I’ve got to the stage with this project that I often do with embroidery….I’m starting to look around for what my next project will be, so there’s a risk that if I put this one down for a while, I might never pick it up again, which would be a shame, as I’ve got so far with it! So, this weekend I made sure I gave myself enough time to get a serious chunk of the embroidery done, to keep my interest up!
This little butterfly is just a ‘filler insect’ in this projet, but I’d got to the stage where I didn’t even bother to read the instructions to see how Shirley Holdaway (in her book ‘Festive Elizabethan Creations’), expected me to do it…I’d decided I wanted it to be a yellow butterfly, with bead highlights on the wings. The wings were worked in long and short stitch, using Anchor 306 deep yellow and 292 pale yellow, and the body and antennae were worked in one strand of dark green/grey (just a spare bit I had in my workbox, so I don’t know what shade it was!).
At this point, I finished off the foxglove flowers. The instructions said to take a small ball of thread ends in pink shades, and glue them high up inside the bell of each foxglove flower, to hold the tube open. I didn’t want to risk getting glue on a part of the stitching that would be visible, so I just poked the ball of thread hard up into the flower ends, and they seem to be staying put! The method certainly works to hold the curved part of the flower up, and stop it squashing flat.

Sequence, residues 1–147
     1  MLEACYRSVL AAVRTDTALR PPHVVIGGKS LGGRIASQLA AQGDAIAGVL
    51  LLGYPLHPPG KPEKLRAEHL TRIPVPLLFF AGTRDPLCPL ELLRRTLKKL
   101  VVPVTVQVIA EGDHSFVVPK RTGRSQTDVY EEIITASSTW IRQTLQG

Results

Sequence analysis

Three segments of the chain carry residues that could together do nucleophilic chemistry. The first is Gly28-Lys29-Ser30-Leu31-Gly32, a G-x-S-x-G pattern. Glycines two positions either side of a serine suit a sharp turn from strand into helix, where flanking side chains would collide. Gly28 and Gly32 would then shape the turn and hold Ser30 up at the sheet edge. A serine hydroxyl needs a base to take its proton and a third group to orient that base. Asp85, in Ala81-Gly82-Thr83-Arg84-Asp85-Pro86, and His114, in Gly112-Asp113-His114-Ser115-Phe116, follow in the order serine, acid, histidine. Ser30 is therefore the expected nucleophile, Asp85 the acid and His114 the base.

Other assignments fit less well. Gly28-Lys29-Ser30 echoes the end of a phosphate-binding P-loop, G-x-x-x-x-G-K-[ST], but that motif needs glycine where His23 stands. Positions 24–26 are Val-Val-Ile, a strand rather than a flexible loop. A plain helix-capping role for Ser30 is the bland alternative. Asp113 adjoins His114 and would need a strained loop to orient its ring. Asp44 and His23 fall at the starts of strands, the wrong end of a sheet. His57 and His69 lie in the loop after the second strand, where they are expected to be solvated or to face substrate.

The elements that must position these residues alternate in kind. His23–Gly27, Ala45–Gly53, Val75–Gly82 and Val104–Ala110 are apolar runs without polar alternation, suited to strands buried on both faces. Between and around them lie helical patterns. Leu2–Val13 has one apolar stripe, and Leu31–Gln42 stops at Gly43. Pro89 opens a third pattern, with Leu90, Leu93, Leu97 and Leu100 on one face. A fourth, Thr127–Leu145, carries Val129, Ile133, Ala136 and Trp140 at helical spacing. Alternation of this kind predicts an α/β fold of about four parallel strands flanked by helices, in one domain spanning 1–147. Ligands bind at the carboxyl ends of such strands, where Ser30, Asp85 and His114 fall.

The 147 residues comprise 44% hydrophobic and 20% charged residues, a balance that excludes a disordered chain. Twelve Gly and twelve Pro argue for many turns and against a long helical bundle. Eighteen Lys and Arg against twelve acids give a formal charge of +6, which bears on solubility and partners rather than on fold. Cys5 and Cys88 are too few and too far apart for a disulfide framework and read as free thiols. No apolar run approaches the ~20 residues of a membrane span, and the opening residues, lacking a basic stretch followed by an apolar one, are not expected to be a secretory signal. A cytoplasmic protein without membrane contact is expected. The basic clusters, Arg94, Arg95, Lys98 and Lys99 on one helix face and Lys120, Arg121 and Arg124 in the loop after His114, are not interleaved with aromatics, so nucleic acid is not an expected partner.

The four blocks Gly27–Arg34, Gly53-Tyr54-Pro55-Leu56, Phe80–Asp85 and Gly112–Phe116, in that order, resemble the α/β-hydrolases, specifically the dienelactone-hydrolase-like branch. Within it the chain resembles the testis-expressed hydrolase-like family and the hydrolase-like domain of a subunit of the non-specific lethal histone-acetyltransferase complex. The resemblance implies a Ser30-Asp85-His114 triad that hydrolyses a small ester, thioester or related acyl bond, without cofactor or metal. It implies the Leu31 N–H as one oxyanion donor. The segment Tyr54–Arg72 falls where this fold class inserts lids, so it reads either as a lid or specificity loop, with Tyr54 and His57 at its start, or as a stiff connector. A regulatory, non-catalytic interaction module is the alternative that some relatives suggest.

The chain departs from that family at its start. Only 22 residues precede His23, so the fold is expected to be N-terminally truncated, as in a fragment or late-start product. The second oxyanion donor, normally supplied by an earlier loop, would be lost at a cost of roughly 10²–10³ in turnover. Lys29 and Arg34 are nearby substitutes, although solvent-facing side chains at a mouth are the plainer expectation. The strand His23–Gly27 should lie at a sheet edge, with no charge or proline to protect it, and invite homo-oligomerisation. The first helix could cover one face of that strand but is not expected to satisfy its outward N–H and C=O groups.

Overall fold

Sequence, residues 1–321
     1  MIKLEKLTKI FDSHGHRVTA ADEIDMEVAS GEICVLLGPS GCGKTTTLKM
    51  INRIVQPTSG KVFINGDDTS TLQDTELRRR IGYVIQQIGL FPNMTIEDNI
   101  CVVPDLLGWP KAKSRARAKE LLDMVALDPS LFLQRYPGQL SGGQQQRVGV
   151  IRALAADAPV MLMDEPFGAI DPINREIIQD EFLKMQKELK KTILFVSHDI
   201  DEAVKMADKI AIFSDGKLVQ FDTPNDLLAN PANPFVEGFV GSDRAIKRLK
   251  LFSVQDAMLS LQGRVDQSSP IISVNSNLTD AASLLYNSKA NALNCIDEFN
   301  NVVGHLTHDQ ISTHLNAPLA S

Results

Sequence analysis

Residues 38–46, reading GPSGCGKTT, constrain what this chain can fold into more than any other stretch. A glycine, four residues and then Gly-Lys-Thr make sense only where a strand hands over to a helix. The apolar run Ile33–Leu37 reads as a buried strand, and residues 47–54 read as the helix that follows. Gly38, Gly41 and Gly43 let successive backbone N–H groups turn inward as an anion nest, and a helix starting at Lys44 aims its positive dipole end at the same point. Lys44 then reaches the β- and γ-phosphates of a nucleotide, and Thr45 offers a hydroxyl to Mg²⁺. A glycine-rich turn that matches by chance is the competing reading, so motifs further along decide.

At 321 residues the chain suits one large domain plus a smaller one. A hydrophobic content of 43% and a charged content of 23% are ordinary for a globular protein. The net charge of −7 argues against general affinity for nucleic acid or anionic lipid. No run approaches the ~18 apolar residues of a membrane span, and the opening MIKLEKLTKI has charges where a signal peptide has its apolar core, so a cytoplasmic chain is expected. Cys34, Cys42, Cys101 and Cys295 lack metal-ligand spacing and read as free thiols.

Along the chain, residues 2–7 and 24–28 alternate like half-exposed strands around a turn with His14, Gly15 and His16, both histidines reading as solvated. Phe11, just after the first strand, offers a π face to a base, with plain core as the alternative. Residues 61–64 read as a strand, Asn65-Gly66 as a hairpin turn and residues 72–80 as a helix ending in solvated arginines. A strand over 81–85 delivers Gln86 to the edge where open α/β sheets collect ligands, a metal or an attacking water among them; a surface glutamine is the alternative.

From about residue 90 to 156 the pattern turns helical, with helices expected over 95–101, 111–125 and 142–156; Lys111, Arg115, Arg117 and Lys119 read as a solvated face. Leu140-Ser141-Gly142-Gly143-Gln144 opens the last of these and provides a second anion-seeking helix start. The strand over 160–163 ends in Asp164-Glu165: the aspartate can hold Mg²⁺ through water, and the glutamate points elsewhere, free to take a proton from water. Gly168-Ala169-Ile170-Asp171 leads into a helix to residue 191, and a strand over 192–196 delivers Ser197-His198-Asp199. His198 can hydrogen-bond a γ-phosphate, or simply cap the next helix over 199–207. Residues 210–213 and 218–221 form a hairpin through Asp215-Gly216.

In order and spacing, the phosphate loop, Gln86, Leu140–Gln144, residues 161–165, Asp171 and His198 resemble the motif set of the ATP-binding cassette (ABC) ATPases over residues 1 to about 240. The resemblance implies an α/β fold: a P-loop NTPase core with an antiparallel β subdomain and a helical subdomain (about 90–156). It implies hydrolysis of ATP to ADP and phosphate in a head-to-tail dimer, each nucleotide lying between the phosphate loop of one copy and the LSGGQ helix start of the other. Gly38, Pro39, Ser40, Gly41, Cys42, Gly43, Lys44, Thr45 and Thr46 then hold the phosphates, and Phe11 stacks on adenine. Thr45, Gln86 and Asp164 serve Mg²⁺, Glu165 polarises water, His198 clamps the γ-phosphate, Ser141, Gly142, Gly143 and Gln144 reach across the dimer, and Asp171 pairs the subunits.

I had left the beading highlights until now, in case my thread kept catching on the beads as I was stitching other areas of the bag. So, I stitched on three or four maroon seed beads to the mouth of each flower at this point, which actually made them look a lot more ‘finished’ than I’d expected. In this photo, you can see the tiny ladybird as well. There is also a ladybird on the other side of the bag, which I like better, as it has its silver wings showing on that side .
As with the first side, the last thing to add was the clusters of frosted yellow beads, in groups of three. These are stitched fairly randomly over the bag, filling any gaps that seem too ‘empty’. One cluster had to be placed quite carefully, though, as I had managed to attract a speck of soot (we have an open fireplace in our living room!) which had lodged itself onto the top left hand corner of the stitching, and trying to wash it off only made the mark worse. Fortunately, three seed beads hid the mark completely. Now I keep my stitching-in-progress covered up
So, at this point, the second side of the bag looks like this.